The Torre Velasca is a skyscraper built in 1950s by the BBPR architectural partnership. The tower is approximately 100 meters (328 ft) tall and has a peculiar and characteristic mushroom-like shape.
Lippo Center, Hong Kong
Hong Kong’s Lippo Center, also known as the “Koala” building for the bear shapes that hug each tower’s circumference, is one of the city’s most iconic landmarks. The complex was designed by Paul Marvin Rudolph in association with Wong & Ouyang Ltd and was completed in 1988.
Umeda Sky Building, Osaka
The observation platform of this observatory is a bridge connecting the two towers of the Umeda Sky Building, whose roof features a doughnut shape that provides an unobstructed 360-degree view.
Gherkin Tower, London
Gherkin Tower, officially known as the 30 St Mary Axe, is a 180 meters (590 ft) tall office building in London. The Gherkin was designed by Sir Norman Foster and opened in 2004. It is recognized as one of the more distinctive skyscrapers in the financial district of London and it stands on the former site of the Baltic Exchange building.
Cayan Tower, Dubai
The Cayan Tower is a 75 story residential tower with a striking helical shape, turning 90 degrees and spirals in a smooth curve, to give every apartment a stunning view of the sea or marina. Each floor is identical in plan, but is set 1.2 degrees clockwise from the floor below, giving the tower a distinctive form by way of an innovative, efficient, repeatable structure.
Marina Bay Sands, Singapore
This unique structural masterpiece, designed by the architect Moshe Safdie, floats atop the three soaring Marina Bay Sands hotel towers 200 meters (656 ft) in the sky. The park includes a few restaurants and a luxurious 150 meter (492 ft) infinity pool.
Aqua Tower, Chicago
Towering an impressive 87 stories, the Aqua design was inspired by the striated limestone outcroppings common in the Great Lakes area. But this sinuous shape is not just a mere formal gesture, but it is also a strategy to extend the views and maximize solar shading.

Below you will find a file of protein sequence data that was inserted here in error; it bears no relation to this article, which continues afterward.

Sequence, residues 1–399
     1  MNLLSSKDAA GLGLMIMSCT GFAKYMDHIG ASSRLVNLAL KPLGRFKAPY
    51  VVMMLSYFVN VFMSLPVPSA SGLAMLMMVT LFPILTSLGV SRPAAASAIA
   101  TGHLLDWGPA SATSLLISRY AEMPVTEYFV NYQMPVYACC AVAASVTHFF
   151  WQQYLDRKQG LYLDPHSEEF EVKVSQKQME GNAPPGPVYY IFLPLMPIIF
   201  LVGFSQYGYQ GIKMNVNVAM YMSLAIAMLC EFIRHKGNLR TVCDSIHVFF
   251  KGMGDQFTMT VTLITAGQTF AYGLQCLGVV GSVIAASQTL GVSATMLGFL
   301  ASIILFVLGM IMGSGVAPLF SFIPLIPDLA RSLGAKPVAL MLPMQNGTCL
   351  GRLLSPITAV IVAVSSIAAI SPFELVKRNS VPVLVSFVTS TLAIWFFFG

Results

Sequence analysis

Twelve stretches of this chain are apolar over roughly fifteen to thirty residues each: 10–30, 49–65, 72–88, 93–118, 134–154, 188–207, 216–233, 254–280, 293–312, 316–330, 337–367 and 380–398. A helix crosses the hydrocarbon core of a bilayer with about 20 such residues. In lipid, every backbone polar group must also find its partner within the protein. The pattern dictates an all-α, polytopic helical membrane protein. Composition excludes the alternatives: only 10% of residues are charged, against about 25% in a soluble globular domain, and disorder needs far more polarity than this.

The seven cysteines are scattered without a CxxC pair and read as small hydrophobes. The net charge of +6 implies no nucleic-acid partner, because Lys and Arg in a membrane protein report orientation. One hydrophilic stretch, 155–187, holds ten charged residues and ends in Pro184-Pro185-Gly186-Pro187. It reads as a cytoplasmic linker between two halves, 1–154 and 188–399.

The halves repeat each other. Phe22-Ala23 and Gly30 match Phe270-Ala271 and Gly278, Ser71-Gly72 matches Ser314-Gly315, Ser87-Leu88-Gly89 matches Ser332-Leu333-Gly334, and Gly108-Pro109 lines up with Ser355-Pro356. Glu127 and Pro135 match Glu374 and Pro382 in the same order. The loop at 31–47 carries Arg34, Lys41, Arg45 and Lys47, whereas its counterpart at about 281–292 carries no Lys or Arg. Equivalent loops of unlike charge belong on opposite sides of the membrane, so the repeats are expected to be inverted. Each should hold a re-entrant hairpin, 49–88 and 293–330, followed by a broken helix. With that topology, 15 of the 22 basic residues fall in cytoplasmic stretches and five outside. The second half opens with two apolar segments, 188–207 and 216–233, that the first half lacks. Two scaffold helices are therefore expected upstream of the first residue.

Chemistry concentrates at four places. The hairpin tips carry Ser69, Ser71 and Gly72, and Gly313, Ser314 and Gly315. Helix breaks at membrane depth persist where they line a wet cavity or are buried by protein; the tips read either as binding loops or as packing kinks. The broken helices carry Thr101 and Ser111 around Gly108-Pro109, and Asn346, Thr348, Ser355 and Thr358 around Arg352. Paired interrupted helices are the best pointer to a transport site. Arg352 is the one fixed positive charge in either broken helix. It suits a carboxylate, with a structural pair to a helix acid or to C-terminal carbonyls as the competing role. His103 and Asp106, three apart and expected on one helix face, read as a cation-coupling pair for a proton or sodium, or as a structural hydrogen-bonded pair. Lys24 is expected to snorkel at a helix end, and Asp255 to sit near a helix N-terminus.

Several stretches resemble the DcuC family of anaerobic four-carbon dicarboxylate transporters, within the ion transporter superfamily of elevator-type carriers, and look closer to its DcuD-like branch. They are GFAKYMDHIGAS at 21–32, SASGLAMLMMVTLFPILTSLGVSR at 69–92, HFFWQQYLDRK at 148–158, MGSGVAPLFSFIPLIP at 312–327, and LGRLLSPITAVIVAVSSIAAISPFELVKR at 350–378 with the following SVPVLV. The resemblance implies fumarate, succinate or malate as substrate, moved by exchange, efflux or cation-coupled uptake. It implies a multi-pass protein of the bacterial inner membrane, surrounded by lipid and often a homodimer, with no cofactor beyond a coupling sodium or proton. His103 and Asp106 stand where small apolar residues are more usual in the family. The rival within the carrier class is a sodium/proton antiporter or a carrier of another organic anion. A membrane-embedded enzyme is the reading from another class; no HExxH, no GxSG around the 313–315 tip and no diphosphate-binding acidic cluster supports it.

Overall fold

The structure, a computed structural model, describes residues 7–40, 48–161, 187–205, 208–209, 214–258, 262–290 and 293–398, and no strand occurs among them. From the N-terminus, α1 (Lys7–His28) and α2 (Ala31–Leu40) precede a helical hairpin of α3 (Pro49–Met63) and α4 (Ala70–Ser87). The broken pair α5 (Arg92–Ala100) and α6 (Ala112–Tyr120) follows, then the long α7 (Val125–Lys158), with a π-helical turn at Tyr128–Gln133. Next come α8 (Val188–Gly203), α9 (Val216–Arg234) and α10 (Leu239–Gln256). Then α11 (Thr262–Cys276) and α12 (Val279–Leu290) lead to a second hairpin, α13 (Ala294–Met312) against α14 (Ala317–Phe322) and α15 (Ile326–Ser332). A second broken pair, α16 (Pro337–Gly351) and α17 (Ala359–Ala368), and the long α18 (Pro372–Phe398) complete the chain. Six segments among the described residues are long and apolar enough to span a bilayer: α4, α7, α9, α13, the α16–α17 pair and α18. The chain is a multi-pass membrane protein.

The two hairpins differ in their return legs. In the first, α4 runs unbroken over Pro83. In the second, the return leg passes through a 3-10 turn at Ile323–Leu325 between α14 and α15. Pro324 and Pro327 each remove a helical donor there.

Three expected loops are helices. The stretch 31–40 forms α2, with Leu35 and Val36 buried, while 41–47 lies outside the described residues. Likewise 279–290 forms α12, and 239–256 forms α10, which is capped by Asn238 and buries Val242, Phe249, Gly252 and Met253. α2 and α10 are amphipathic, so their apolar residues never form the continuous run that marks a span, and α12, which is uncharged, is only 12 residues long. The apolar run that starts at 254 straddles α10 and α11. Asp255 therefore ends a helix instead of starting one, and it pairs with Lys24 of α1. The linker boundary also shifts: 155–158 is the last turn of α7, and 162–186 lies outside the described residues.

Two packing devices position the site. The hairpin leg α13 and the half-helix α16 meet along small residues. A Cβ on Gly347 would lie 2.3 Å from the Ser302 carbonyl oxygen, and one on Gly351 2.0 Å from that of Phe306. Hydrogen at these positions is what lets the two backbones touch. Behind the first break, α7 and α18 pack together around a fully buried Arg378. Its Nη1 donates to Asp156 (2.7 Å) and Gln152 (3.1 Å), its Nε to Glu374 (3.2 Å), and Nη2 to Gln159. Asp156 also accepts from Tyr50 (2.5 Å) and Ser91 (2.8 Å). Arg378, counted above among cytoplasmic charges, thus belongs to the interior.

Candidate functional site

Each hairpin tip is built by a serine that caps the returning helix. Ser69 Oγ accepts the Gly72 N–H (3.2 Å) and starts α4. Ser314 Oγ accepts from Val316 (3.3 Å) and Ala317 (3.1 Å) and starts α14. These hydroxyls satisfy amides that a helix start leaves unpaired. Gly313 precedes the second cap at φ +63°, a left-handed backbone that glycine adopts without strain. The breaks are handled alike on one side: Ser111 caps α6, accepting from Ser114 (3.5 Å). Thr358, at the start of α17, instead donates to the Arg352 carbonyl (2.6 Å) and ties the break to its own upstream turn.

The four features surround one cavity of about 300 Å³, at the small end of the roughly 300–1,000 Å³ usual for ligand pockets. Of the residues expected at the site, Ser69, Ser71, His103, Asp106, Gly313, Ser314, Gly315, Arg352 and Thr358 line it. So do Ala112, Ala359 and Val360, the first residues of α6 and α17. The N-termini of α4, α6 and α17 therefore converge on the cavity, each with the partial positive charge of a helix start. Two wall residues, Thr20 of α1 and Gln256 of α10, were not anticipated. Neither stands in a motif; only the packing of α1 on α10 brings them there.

Elephant Building, Bangkok
Completed in 1997, the Elephant Building or Chang Building is a 32 floors high-rise building standing at 102 meters (335 ft) tall, The elephant building consists of 7 parts and it is one of the most famous buildings in Bangkok because it has the characteristics of an elephant.
Tianzi Hotel, Langfang
The Tianzi Hotel (Son of Heaven Hotel) in China features the forms of three Chinese traditional gods, Fu (Happiness), Lu (Fortune) and Shou (Longevity). The traditional god of good taste was apparently unavailable. This 10 story high hotel is apparently holds the Guinness World Record for the “biggest image building”, whatever that means. The peach in Shou’s left hand is actually a suite within the hotel, the two holes in its front being windows. You can identify the windows of the hotel rooms by the symbols in their robes
Fake Hills, Beihai
Beijing-based architect Ma Yansong and his team at MAD Architects sought to design a complex that could address demand for affordable housing and yet be iconic. The firm found a solution in an architectural mash-up of a high-rise and a “groundscraper”: the aptly named Fake Hills places a 194 meter (636 ft) tower alongside a rollercoaster form that undulates along a 805 meters (2641 ft) strip of shore on the South China Sea. Completed in 2015, the 5.3 million-square-foot structure includes a roof platform for public spaces featuring swimming pools, tennis courts, and gardens.
Cell Phone Building, Kunming
This giant mobile phone-shaped building is located in the city of Kunming in China. The 11-floor building has buttons as windows and a cluster of office windows serving as a giant screen. It is considered by many to be a landmark of Kunming.